Despite dozens of summits, the European economic crisis continues to drag on. Greece remains the crux of the matter. Mired in both an economic depression and a political crisis, progress on reform has been difficult. Social unrest and uncertain prospects of future growth has undermined commitment to economic adjustment, raising concerns over how much longer Greece can even remain in the Eurozone.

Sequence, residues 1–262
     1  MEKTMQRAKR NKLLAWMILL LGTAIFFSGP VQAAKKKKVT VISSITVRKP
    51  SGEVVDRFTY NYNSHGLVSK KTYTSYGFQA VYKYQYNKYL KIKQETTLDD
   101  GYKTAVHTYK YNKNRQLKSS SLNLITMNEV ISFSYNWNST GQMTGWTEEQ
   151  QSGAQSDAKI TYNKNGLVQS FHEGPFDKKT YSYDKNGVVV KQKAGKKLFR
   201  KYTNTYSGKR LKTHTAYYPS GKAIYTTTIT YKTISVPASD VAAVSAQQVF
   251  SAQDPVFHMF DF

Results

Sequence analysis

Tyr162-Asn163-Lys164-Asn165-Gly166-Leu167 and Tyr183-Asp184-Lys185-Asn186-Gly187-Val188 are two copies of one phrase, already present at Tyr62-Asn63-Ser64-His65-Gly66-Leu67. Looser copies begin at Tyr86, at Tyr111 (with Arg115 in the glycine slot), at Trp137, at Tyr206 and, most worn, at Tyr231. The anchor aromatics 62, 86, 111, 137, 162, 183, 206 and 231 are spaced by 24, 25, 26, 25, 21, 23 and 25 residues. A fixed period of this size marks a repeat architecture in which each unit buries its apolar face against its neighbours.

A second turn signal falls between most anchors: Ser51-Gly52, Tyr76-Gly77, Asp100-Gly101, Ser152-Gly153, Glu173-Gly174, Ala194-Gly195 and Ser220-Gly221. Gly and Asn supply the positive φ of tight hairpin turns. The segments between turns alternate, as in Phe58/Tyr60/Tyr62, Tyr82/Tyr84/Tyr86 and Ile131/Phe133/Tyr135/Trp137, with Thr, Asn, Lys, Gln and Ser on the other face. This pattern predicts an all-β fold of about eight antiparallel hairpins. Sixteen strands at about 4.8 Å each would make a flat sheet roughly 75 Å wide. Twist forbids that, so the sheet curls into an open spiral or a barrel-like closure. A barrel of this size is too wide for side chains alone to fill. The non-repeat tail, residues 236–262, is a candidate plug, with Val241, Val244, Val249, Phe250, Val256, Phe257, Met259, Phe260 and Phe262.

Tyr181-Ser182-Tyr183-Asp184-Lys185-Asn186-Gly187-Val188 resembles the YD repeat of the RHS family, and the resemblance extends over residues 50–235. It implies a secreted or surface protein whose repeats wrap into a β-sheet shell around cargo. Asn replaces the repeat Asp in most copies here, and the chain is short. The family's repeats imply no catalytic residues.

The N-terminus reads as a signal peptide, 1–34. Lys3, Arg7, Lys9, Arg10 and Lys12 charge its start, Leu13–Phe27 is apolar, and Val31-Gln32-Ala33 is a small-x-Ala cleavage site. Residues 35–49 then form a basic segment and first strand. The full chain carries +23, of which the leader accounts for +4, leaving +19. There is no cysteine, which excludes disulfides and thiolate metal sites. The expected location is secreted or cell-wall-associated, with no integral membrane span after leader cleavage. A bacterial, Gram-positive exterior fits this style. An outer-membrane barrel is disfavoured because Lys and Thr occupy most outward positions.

It has been difficult for others to agree on how best to help Greece because there are political divisions here as well. These were underscored last week in a public spat between IMF Managing Director Christine Lagarde and Chair of the Eurozone Finance Minsters Jean-Claude Juncker. They debated whether the end goal for Greece should be to reduce its level of debt to 120% of GDP by 2020 or 2022. The potential for this disagreement was present from the beginning. The Eurozone’s contribution to the Greek bailout was 2/3 of the total, with the IMF supplying the rest. The Lagarde/Juncker debate, then, resembles two restaurant goers arguing over the size of the check.